Named anchors are not sent to the web server! Who knew?

Here’s a quickie for you.  One of those typical gotchas you never see coming until you need to do something seemingly obvious, only to spend a bunch of time banging your head against the wall in frustration, festooning the atomosphere above your desk with rebarbative expletives, and shaking your fist impotently at the heavens.  AKA a typical Tuesday.

The quick bottom line ….

When a browser requests a url with a named anchor at the end, the named anchor is NOT part of the request!


Evidently browsers, in their little browser brains, universally realize that anchoring to a specific location on the page is a purely client-side behavior that they will take care of themselves.  When making these types of requests, the server only receives a request for the page with any attendant query string parameters:  the browser keeps the named anchor information to itself to use however it sees fit.  It makes no difference what type of web server / server-language you use, I’m here to tell you you aren’t going to get the named anchor in your hand.  The only way to act upon this programmatically is through a JavaScript shim.

BTW, according to the W3C a named anchor is a properly referred to as a "fragment identifier", but I’ll dispense with calling it that as I’ve never heard any real person ever refer to one as such.

Where this bit me in the ass:

In general practice you probably don’t need to care much about this behavior, I certainly didn’t and only marginally do now and I’m writing this friggin’ post.  Chances are all you want to do is anchor down somewhere in the page, and if this is the case, your request will be fulfilled as you’d imagine it would be.  Where you run into problems is when you think you are being clever (as I often find myself) and co-opting the anchor for some ulterior purpose.  In my case, I was working with our Flash guy on an almost entirely Flash driven site.  As with any Flash site, when you click the navigation, you can get to any numbers of new screens of information, but html-request-wise, all the client has really ever done is load the initial default page.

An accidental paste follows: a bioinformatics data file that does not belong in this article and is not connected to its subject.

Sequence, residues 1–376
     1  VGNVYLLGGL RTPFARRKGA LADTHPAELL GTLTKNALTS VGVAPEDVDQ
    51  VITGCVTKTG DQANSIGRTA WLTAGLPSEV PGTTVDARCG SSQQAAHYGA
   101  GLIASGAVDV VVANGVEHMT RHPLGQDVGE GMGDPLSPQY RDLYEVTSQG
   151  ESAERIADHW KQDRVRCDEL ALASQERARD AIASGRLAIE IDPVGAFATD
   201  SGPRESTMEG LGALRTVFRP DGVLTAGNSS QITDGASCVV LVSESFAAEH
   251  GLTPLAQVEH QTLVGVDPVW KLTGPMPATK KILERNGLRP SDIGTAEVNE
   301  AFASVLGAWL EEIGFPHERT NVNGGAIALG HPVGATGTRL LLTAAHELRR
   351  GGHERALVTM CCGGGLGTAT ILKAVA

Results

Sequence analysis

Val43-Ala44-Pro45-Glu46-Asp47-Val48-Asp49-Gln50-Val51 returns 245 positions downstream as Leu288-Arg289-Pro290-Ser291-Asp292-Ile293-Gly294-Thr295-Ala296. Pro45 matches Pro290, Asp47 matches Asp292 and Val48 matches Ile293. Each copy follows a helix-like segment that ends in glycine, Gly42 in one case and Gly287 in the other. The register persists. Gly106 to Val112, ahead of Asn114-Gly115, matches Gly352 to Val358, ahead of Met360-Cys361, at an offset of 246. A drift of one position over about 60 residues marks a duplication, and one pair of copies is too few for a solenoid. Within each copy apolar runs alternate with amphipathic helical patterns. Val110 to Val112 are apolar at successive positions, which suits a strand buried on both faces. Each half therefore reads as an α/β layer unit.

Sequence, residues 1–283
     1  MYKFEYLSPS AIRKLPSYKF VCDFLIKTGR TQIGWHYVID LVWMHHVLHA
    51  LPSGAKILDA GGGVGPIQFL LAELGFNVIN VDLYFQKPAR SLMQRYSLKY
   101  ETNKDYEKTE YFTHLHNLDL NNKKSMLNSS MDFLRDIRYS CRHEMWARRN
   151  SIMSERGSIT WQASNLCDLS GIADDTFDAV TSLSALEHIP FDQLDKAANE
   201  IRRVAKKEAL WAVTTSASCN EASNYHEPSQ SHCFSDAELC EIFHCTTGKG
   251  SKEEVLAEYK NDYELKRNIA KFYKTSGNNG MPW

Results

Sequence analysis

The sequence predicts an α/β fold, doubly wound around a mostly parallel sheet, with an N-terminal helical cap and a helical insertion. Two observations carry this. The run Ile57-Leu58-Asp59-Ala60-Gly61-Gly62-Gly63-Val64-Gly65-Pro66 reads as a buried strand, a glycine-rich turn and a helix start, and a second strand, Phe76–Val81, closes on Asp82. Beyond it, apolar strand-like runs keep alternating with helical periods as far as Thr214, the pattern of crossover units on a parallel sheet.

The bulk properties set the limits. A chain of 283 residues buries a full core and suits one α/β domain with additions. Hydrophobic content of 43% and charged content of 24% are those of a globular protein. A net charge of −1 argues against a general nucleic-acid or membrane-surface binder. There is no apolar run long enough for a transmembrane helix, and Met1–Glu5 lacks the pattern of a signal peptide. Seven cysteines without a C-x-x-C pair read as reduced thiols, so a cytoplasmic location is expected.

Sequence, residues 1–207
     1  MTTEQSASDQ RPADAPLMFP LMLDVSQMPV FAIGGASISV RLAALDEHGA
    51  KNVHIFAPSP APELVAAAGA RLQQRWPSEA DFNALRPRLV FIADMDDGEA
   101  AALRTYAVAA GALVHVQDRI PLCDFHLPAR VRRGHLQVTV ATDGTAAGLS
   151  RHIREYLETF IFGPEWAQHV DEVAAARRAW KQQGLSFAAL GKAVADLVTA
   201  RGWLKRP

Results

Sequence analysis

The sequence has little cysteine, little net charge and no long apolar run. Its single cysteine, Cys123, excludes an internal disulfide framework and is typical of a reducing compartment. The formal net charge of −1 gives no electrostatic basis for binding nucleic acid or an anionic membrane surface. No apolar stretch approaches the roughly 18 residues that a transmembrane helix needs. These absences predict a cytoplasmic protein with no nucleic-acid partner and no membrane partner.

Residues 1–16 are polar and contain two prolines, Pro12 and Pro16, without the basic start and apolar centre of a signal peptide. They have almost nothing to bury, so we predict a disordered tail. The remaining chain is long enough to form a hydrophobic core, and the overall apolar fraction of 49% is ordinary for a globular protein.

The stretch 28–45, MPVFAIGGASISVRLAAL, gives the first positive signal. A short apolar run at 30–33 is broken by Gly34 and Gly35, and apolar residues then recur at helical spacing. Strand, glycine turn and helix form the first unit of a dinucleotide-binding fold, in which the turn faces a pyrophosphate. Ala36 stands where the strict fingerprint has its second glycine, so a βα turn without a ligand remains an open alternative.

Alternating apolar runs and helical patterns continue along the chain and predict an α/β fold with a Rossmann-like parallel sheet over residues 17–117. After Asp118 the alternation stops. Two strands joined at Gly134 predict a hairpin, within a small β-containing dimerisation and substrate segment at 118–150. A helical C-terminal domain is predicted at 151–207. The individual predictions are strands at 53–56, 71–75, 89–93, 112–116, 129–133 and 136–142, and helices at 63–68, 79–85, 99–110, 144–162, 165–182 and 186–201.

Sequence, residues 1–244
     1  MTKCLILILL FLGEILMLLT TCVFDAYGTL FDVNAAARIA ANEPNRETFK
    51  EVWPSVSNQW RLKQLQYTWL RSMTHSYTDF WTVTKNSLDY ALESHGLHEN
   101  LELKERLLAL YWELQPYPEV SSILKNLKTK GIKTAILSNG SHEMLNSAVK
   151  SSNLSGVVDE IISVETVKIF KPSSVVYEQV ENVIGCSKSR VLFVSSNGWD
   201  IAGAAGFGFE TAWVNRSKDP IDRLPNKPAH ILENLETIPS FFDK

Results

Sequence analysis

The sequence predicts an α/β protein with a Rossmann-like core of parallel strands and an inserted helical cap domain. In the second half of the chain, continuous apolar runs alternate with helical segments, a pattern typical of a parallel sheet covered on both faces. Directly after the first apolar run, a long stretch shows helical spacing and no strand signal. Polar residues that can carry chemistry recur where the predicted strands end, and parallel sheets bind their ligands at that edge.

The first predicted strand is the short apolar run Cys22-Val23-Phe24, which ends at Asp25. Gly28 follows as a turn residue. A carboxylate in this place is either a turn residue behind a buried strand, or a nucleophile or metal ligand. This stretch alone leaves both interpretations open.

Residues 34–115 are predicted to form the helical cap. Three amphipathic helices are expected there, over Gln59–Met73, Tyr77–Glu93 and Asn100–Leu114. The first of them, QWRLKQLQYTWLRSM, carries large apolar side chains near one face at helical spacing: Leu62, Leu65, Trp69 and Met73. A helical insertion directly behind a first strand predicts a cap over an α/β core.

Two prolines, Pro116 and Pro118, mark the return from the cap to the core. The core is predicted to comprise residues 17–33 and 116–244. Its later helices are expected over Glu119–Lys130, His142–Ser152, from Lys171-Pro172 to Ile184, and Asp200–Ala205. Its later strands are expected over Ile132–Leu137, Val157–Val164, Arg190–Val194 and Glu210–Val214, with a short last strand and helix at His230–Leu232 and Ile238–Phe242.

This situation was has two drawbacks. 

1) Visitors can’t bookmark a specific ‘page’ on your site as the URL never changes. 

2) You can’t send any linked traffic to a specific page of the site.  You might want to promote the information found on ‘page 3’ of your Flash site, but don’t have a way to link there aside from funneling people who have already expressed a very specific interest in ‘page 3′ to your main page and forcing them to navigate their way in from there. 

The standard Flash workaround is as follows.  By adding #SomeFakePageName to the url through JavaScript called from Flash, you solve your display and bookmark-setting issues.  Going in the other direction, on page load, if a named anchor exists in the URL, simply push that variable to Flash and have it load up the corresponding ‘page’.  Excellent.  (BTW, I have since been made aware of  swfaddress, a JavaScript library made just for this purpose).